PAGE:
"If there is a god in soccer today, it is Messi," says Eto'o, who played alongside the Argentine star at Barcelona and, like him, offers convincing proof of the game's democratic accessibility. We spoke at the garden of the Bulgari Hotel, a black-and-white marble construction set in a stately precinct of Milan, where a suite of the type in which he has lived for most of the past year costs more for one night than the average annual income in Cameroon. Eto'o, 29, was raised in the seaside city of Douala, where he lived with his parents and five brothers and sisters in what he describes as "very, very humble" conditions. Although, he is quick to say, many neighbors had it worse. "I went to primary school, and while we couldn't choose our food, we did eat." The cramped home, where the children slept several to a bed, had one enviable mark of distinction: "The rainwater did not come in through the ceiling."

When, early in Eto'o's childhood, his father lost his accounting job, his mother got up every morning at 3 o'clock to buy fish at the port and resell it on the streets. Soccer offered life's fun and consolation. "Like any other African child," recalls Eto'o, "I'd play barefoot with balls that we made out of plastic bags, wrapped tight and bound with tape."

Eto'o in person is lithe and hard-muscled but surprisingly slender if you have seen him only on TV, playing his pacey, explosive game. He is known chiefly as a goal scorer. (During his five years with Barcelona he became the Catalan club's third highest scorer ever.) "But others may also define me as the first line of defense," he says. "I always seek to do the best I can in every position, in every facet of the game. Success is much more than a question of quality — it's a question of heart. That's what gives you the winning edge." Far from provoking envy among his teammates because of the $13 million (10.5 million euros) he earns, Eto'o is valued for his humble commitment to the cause. Character, self-confidence and drive are the qualities that have shaped Eto'o, allowing him to swim ahead in what he calls "the whale-infested waters of European soccer." Professional soccer is a giant meritocracy, on the first rung of which are millions upon millions — from all over the world — sharing Eto'o's infant dreams of glory. The few who make the initial cut, who are recruited at a young age by professional clubs, must overcome all manner of psychological and athletic obstacles before making it to the top — at which point the going continues to be fiercely difficult. Each time you turn up for work, your performance is under the scrutiny of millions of eyes, all anatomizing your every move as if you were an insect under a microscope.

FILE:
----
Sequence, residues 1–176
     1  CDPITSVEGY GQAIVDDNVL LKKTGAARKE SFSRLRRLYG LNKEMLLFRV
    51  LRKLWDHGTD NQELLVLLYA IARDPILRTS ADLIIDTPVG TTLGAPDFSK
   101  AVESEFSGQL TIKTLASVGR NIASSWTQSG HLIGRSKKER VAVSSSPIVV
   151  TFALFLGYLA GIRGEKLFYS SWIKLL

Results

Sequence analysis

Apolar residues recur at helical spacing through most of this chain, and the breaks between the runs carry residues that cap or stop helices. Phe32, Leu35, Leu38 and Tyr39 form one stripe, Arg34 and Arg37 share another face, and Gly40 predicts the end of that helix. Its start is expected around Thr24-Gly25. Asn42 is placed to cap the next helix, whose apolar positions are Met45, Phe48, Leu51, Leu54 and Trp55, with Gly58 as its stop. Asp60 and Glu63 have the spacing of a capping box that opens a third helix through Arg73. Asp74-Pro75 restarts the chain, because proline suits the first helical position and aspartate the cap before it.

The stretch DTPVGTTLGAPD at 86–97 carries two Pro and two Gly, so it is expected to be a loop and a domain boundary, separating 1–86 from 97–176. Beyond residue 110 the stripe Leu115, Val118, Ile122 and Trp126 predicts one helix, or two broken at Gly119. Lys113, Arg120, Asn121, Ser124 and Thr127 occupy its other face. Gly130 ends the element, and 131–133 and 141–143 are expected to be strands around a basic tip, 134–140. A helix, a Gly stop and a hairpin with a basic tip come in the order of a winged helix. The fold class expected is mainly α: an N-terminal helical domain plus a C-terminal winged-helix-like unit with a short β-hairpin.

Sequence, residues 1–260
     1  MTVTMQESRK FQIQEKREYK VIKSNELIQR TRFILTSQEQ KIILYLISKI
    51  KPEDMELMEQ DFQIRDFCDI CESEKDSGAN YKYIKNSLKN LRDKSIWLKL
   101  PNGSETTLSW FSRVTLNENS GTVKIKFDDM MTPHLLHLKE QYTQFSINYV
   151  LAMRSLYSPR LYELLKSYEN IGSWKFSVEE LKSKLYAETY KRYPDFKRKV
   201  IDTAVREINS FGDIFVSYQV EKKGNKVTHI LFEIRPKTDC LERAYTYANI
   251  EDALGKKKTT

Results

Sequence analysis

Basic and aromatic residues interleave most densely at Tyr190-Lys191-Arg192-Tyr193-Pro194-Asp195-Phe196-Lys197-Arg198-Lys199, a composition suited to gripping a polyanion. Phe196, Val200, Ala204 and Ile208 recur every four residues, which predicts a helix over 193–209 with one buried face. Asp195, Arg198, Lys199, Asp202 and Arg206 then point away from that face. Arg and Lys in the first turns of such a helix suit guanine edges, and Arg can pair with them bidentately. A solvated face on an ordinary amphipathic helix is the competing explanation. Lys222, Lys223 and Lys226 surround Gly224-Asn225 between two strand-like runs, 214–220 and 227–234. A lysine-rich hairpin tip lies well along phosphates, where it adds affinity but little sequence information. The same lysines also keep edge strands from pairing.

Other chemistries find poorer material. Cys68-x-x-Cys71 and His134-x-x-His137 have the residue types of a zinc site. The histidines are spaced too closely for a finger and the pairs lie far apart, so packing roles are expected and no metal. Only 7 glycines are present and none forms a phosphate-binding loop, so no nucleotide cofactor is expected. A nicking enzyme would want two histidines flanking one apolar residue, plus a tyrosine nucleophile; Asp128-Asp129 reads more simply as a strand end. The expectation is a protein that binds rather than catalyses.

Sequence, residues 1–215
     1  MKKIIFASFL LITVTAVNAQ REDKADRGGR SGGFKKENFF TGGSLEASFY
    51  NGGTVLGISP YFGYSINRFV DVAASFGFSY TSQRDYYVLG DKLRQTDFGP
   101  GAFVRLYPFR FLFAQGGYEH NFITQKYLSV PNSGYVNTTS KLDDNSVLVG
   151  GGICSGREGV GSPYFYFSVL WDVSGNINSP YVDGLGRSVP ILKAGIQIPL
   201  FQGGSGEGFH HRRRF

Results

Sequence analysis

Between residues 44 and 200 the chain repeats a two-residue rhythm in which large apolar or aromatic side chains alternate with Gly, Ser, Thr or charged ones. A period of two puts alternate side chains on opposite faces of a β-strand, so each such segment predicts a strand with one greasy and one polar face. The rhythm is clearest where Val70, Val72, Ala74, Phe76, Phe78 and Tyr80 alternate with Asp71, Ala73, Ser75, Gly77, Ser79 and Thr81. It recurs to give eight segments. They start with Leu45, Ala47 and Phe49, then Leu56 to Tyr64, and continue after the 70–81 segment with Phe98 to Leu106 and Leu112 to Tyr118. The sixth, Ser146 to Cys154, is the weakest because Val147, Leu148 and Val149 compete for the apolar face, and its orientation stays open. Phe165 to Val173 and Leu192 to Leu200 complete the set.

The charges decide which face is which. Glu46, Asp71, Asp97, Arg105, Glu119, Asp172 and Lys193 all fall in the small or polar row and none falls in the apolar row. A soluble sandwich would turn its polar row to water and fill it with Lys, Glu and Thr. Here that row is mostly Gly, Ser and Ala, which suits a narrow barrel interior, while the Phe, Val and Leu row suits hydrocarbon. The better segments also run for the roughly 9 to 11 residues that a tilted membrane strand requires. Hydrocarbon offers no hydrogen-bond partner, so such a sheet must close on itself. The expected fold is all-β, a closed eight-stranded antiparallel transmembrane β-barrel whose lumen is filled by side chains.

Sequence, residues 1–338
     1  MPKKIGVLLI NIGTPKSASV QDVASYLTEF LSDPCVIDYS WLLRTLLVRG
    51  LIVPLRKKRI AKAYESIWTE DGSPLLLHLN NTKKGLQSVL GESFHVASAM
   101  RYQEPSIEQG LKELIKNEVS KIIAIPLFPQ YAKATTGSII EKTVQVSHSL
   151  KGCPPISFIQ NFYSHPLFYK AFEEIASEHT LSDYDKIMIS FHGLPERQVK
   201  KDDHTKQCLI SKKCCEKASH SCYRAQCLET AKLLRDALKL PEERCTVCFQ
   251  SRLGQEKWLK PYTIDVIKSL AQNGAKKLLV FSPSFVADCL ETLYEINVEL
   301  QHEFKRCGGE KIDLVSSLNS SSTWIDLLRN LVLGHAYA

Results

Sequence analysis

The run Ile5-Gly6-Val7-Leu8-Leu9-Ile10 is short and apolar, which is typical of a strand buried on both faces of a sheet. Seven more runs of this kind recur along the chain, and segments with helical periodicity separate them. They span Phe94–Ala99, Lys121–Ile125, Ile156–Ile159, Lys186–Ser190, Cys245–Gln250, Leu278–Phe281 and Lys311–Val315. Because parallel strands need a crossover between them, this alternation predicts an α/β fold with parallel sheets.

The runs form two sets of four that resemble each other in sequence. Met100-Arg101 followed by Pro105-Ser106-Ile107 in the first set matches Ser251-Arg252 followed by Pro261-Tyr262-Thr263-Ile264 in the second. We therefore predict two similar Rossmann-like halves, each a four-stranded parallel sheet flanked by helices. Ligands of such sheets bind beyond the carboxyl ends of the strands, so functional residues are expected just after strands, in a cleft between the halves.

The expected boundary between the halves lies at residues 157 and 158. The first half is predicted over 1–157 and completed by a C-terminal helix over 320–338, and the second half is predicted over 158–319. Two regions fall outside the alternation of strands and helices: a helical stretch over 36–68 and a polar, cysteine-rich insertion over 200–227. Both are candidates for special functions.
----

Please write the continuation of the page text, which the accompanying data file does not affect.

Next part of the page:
Eto'o's break came when he was 12. A sports academy in Douala called l'Ecole de Football des Brasseries du Cameroun saw his potential and took him on. From there, he graduated to the best facility of its kind in the country, the Kadji Sport Academy, financed by one of the wealthiest men in town. Eto'o represented his country in the under-16 level, and it was there that a scout for Real Madrid, the most glamorous brand name in football, spotted him and brought him to Spain for a trial. He went north at 14, signed a contract, then went back a year later and stayed, sharing a room with another young recruit in a Madrid hotel paid for by Real.

Far from Home
The biographies of famous players are filled with sad tales of homesickness during the adolescent stages of their careers. Eto'o was familiar with neither the language nor the culture of the country where he took his first steps as a professional. Did he miss his family? Was it hard? "No. No. Not at all!" he exclaims, smiling brightly. "I had my dream, and when the opportunity came along (and what an opportunity!), I went for it." Missing home was not an option. Missing home, you might say, is an indulgence that young players from better-off countries can afford; but when you come from a continent where survival is, for many, a daily battle, sentiment succumbs to practicality. For Eto'o, it was yet another dream to suddenly find himself training alongside players whose posters he had kept at home.